Under the influence of Islam the architectural importance of the elevated platform was reduced in importance although its importance as symbol both at a religious and secular level was maintained. Thus the Imam, or religious leader, is seated on a special throne within the sanctuary chamber, called the minbar, such as the ones shown which are in the Friday Mosque, while the secular leaders place their audience platforms within a raised area such as is evident from the palace of 'Ali Qapu.
Within the mosque itself a simple raised plinth to which all have access, is placed in the centre of the courtyard, and this symbolically marks a step nearer heaven, just as the prayer mats which may be placed upon it will frequently contain stepped lozenges which mirror the steps of the minbar of the ziggurat and thus bring to the people the concept of mountain.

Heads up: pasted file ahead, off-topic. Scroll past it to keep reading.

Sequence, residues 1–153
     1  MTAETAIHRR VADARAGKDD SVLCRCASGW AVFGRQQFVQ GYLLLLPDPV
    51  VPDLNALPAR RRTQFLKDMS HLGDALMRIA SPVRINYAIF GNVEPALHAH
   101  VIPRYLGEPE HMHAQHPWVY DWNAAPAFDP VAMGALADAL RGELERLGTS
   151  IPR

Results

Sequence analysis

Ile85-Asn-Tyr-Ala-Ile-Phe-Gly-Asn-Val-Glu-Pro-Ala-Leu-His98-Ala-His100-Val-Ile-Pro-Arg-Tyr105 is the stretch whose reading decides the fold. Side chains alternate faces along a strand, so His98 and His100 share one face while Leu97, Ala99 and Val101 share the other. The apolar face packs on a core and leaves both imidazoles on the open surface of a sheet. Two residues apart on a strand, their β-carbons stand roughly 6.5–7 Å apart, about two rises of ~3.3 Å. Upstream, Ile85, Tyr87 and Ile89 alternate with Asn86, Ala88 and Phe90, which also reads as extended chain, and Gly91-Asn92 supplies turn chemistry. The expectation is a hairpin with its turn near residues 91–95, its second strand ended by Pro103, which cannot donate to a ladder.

In domestic architecture too we can find an expression of this in the concept of saku, or a raised platform upon which the guests are seated. Thus, even today, in a traditional tea house, you will be served your tea on a raised plinth or platform across which carpets will be laid to show the honour due to you as a guest of the house.
Last Updated 06 December 1998